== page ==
10 Ways to Spoil Your Senior Cat


Did you know that a 12-year-old cat is the equivalent of a 64-year-old human? And like humans in their senior years, many cats will start to "slow down." And, hey, they deserve it! Their golden years should be enjoyed with as much verve and unequivocal sass as The Golden Girls themselves. 

And much like the Golden Girls spoiling themselves with a slice of cheesecake (or two) every few episodes, our senior cats deserve to be spoiled.

1. Give them ALL the comfy places!

Although cats aren't nearly as large as humans, they still suffer from the same aging process, and thus they often suffer from the same ailments that we do. Osteoarthritis is common in older cats and can lead to decreased mobility and make lying on tile or hard surfaces uncomfortable, even painful. Providing your cat with plenty of soft, comfortable orthopedic beds can help ease joint pain and lead to more restful and comfortable sleep. 


2. Make room to groom.

Arthritic joints (especially in the spine and tail region) can prevent your cat from properly grooming themselves. Cats are normally fastidious groomers who like to keep their fur clean and tidy and even use grooming as a form of self-soothing and easing stress. So gently brushing your cat's fur will not only help keep your senior's fur shiny and full of that same old luster, but it is a great way to spend some quality time with them as well. If your cat doesn't like brushes, try incorporating grooming into quality petting time with a grooming glove, which fits over your hand and acts as petting but grooms your cat at the same time. 

3. Provide fun and games.

Keeping your aging cat active can help keep them fit and healthy. While you don't want to play too rough with them, don't forget that senior cats are often still as ready to play as they were when they were a kitten!  In fact, they might even be bored. Try giving them some new toys to pique their interest. Those filled with catnip or silver vine are a great choice, as the strong scents stimulate and encourage exercise.  And don't forget the benefits of "brain games" — use food puzzles to keep her body moving and her mind active.


4. Give them a step up.

cat stairs orthopedic cat stairs

Help your cat become Stair master / Ramp champ! Cats, like humans, can develop painful arthritis. Install a set of stairs to their favorite sleeping spots that happen to be high up - like your bed or maybe a cat perch they love - to ease the strain and stress on your cat's sensitive joints and bones.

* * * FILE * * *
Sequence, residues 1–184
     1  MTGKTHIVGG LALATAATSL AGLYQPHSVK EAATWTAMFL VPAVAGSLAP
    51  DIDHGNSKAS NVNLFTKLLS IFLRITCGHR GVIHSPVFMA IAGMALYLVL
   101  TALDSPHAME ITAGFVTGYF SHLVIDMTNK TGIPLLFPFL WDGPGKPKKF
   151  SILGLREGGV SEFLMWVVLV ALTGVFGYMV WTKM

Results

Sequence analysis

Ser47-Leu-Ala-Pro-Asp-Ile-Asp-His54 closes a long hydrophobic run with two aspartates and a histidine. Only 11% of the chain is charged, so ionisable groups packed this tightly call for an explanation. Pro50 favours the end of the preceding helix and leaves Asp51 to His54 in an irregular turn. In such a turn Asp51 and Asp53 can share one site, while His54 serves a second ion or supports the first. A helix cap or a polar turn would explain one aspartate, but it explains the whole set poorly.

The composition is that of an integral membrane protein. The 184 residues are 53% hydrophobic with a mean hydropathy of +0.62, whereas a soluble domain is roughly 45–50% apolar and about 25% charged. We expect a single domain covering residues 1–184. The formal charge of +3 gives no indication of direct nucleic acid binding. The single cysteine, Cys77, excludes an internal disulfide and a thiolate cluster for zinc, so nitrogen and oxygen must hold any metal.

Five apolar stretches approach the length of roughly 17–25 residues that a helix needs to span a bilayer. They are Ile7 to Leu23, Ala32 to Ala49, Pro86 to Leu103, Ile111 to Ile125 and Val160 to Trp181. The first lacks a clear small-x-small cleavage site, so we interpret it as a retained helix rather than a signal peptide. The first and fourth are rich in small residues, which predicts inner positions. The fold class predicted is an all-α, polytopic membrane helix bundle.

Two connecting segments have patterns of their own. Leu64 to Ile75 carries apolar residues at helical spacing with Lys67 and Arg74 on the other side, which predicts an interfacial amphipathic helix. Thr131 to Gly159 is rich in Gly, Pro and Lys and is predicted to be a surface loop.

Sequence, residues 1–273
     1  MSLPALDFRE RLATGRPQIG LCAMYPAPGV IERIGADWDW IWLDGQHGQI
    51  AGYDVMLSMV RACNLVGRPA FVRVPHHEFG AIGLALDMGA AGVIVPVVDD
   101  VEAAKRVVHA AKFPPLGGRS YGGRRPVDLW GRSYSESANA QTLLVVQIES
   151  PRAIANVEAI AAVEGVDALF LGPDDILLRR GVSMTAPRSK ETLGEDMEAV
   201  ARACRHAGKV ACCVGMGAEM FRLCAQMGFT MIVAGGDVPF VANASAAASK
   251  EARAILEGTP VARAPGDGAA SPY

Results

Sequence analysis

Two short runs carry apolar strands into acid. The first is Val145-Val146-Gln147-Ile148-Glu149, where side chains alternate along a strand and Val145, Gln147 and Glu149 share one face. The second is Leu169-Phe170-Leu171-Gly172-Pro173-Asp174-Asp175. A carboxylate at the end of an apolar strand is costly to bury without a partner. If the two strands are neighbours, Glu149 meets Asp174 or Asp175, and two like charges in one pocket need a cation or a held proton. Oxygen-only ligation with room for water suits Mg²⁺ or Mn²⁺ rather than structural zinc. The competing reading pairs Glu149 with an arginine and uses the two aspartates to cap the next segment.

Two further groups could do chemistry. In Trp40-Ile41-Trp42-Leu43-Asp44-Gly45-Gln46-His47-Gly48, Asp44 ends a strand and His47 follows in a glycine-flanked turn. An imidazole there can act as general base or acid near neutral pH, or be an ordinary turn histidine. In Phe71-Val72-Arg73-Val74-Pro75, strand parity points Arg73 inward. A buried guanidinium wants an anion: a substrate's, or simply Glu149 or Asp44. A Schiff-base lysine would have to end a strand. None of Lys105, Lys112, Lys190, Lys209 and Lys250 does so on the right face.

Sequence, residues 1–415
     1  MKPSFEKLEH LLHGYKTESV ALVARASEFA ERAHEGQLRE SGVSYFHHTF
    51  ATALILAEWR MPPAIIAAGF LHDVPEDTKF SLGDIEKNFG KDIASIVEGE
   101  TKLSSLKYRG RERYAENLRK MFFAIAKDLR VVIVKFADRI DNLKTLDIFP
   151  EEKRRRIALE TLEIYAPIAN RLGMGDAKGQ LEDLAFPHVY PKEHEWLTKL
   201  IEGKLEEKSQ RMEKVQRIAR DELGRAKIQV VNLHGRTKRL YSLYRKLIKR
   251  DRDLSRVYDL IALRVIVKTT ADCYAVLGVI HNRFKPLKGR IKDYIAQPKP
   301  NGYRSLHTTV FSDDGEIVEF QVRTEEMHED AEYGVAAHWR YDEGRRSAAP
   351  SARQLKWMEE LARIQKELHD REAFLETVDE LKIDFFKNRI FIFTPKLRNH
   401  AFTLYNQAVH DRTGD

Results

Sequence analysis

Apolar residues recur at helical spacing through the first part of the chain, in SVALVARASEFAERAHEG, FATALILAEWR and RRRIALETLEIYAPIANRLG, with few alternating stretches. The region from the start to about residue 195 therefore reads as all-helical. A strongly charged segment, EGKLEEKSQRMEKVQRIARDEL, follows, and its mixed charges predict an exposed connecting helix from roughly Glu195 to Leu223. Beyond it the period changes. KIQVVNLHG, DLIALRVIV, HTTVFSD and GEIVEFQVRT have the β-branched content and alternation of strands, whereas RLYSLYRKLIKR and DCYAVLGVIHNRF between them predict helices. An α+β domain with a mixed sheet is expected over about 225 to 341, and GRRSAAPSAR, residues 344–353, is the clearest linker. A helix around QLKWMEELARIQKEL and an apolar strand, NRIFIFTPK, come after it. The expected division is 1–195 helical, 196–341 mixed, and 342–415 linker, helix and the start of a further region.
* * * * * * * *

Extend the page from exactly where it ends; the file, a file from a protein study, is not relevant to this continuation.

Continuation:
5. Consider raising their food bowls.

If you notice that your cat is struggling to bend down and eat from their normal, flat food bowls, consider giving them easier access to the dishes by getting a raised or elevated feeding platform or tall bowl. 


6. Change your cat’s diet to better suit their needs

senior cat diet special senior diet cat diet

Speaking of food, as your cat ages, their bodies and needs change, just like humans. Various specialized cat foods designed to fit the dietary needs of senior cats are available, but you should consult your vet before switching foods. Based on your cat's individual needs (such as chronic conditions), they may benefit from supplements. Again, it is important to check with your vet!


7. Increased Veterinary Care

cat vet senior cat care adult cat care

Cats are notoriously skilled at hiding illnesses. But there are a few common issues that senior cats are prone to developing, such as kidney issues, diabetes, and hyperthyroidism. Increased visits to the vet can help catch any signs or symptoms ahead of time. It is suggested that senior cats should visit the vet every 6 months.

8. Make their litter box more accessible

cat litter box

If you notice your older cat struggling to get in and out of a high-sided litter box, it might be time to consider lowering the barriers. If your cat doesn't feel comfortable or struggles to get into the litter box, they might start eliminating outside the box (which no one wants, not even your cat!) You might even consider adding additional litter boxes around the house to really spoil your golden-aged feline.